Another link with motoring journalism has been lost, so soon after the death of Christopher Jennings, with the passing away of Rodney Walkerley, at the age of 77, last December. Rodney worked for Motor Sport from 1927 to 1928, starting with those tests of motorcycles to which we referred recently. He graduated to more important reporting before joining the staff of The Light Car in 1930, as that brisk weekly’s Sports Editor, under the nom-de-plume of “The Blower”. Walkerley liked to tell a story of how he and his co-editor of Motor Sport used to hide in the lavatory when I, as a schoolboy, called at the Victoria Street offices in London to tell them of their mistakes! This was a kind reference to me, but although I had my first article published in Motor Sport in 1930 (about Brooklands, of course), by the time I started contributing to it regularly, around 1935 onwards, Walkerley had moved on to greater things.
He managed his work as “The Blower” so successfully that Temple Press moved him on to become Sports Editor of The Motor by 1934, an exacting task, as he had to follow in the footsteps and wheel-tracks of the great Humphrey Symons. But he brought a great flair to this work, writing as “Grand Vitesse”. With the emergence of the German Mercedes-Benz and Auto-Union teams more and more interest was being devoted to Grand Prix racing and Rodney went to all the events, as a sort of travelling reporter, in cars like his MG Magnette and RM Riley, etc. He brought a journalistic approach into his race reports and stories, which captured the spirit of those times, and was elected to the BRDC in 1947, a great honour for a non-racing driver. I remember hearing him give a lecture on such motor racing, at the RAE at Farnborough during the war, his infectious enthusiasm for the daring of the great GP aces corning over even to a lay audience. He was known to the great racing drivers of his time, as D.S.J. was to be, and is, in a later period.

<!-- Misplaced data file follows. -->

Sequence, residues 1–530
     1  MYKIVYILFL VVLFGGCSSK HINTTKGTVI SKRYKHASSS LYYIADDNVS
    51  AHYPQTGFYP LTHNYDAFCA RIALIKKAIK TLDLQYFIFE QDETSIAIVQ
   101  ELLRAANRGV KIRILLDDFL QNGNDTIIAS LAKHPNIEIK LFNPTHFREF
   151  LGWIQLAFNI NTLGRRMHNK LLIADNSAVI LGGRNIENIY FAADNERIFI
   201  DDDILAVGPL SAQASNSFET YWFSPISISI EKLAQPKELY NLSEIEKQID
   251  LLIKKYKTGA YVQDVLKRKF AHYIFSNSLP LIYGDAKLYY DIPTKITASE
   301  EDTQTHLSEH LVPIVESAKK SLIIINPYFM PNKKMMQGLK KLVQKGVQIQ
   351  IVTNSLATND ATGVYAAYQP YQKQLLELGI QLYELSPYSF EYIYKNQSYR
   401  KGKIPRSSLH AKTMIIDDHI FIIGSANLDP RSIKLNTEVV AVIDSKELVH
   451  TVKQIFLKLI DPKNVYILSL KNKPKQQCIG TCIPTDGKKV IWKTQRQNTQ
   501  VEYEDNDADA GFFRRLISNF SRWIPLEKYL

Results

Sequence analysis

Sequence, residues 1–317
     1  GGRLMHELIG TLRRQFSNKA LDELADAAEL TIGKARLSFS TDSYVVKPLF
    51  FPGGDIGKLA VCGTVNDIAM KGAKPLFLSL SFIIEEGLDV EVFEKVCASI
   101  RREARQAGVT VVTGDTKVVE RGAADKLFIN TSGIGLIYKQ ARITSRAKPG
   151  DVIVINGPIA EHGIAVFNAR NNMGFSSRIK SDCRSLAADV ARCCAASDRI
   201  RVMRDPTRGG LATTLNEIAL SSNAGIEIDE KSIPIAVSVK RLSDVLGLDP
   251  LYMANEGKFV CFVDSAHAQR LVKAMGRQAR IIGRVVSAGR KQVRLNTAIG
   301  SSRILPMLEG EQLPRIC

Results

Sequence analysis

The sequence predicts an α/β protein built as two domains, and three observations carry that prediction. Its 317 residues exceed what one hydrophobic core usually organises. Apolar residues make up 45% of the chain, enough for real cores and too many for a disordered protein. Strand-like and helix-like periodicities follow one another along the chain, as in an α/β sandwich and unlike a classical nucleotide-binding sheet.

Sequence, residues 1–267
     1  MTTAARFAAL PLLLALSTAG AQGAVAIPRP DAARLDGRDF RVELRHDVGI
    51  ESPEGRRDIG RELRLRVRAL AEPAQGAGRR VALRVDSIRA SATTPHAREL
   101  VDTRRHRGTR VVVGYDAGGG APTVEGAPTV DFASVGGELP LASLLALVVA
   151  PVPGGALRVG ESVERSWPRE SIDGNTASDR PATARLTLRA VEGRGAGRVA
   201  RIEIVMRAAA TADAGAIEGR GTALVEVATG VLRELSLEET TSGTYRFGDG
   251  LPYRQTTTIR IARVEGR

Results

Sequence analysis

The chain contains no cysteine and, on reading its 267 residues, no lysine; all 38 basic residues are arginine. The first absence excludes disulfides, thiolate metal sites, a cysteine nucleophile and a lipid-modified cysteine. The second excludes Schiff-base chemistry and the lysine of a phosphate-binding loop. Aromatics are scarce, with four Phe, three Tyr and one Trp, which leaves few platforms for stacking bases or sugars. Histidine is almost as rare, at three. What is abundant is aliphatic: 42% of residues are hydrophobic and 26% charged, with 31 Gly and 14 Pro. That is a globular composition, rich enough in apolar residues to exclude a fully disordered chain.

The war saw Walkerley serving in the RASC, ending as a Staff-Captain, from 1940 to 1945. Afterwards he took up again from where he had been interrupted by Hitler. He loved Continental travel and wrote books about it. He enjoyed the more amusing as well as the dramatic aspects of the racing game he followed, and he served on the RAC Competitions Committee from 1948 to 1959, when he retired from The Motor. It is sad, very sad, that he had an unhappy closing to a life in which the tall, stooping figure, smoking continually, had been such an amusing and popular person in the realms of motoring journalism. — W.B.